The White Man's Fear Depicted In Cry, The Beloved Country By Alan Paton

859 words - 3 pages

The time of the 1940’s in South Africa was defined by racial oppression of the native inhabitants of the country by the Dutch Boers, also known as the Afrikaners. These people were the demographic minority yet also the political majority. They executed almost complete control over the lives of the natives through asinine rules and harsh punishments. The highly esteemed novel Cry, the Beloved Country tells a story of Stephen Kumalo, a black priest dealing with the struggles of living in the South Africa during this time. His son killed a white man and on the day his son is to be hanged for this crime, Kumalo climbs a mountain in order to reflect on the current situation both in his family and in his country. In chapter 36 of Cry, the Beloved Country, Alan Paton uses a motif and symbolism to demonstrate the idea that bondage of both the natives and the Afrikaners is prolonged in South Africa because of the whites’ fear.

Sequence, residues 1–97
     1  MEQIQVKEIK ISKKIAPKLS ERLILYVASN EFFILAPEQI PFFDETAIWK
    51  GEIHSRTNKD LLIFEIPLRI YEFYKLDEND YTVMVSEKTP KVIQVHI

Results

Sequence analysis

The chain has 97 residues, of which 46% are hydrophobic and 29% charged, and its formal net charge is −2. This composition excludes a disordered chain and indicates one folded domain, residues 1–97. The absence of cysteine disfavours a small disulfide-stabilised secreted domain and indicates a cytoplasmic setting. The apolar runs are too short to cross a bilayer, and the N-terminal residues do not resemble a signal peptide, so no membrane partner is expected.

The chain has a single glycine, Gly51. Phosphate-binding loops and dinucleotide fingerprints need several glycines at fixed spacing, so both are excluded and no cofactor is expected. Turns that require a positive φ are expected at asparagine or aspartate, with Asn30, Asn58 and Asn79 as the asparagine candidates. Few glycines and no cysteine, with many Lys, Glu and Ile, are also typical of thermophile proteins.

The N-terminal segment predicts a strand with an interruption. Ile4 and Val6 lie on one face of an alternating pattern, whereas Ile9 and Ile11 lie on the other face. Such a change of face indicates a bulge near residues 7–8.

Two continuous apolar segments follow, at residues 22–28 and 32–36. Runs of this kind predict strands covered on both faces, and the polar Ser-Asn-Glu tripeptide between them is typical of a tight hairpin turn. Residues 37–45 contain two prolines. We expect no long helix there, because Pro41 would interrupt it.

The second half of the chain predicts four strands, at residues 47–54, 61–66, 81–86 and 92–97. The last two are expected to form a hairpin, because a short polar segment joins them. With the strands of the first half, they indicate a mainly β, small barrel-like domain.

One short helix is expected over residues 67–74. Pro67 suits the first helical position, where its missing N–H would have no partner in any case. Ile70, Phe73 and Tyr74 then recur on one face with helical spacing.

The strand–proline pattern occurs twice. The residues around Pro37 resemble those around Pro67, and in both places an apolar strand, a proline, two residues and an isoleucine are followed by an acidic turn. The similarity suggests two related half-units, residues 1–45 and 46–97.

In the middle of the passage, Paton uses the motif of fear to explain why the Afrikaners are afraid. Paton shows this message when he says, “[Salvation] lay far off because men were afraid of it…of [Kumalo], and his wife, and Msimangu, and the young demonstrator.” All the people listed are native Africans. All of them strive for a change to the current condition of their people. All of them believe that salvation will come and they work tirelessly to achieve it. However, in the eyes of the Afrikaner men, the change and the deliverance that comes to the natives are not beneficial. It only works to disrupt the white-dominated society they have set up. They see change as the enemy and thus they fear the promoters of change. The motif of fear is continued when Paton explains that the Afrikaner’s fear was “so deep that they hid their kindness, or brought it out with fierceness and anger… they were afraid because they were few,” He goes on to say, “such fear could not be cast out, but by love,” offering an almost impossible solution. This section demonstrates how the fear manifested itself among the whites. The Afrikaners’ power is not in numbers, as “they were few” but instead in political authority. They exploit this and impose harsh laws on the black to try to control and restrict them. However, they have bound themselves in their fear of the natives, a force that is perhaps more confining than their rules. Instead of trying to understand their fear and show their compassion towards these...

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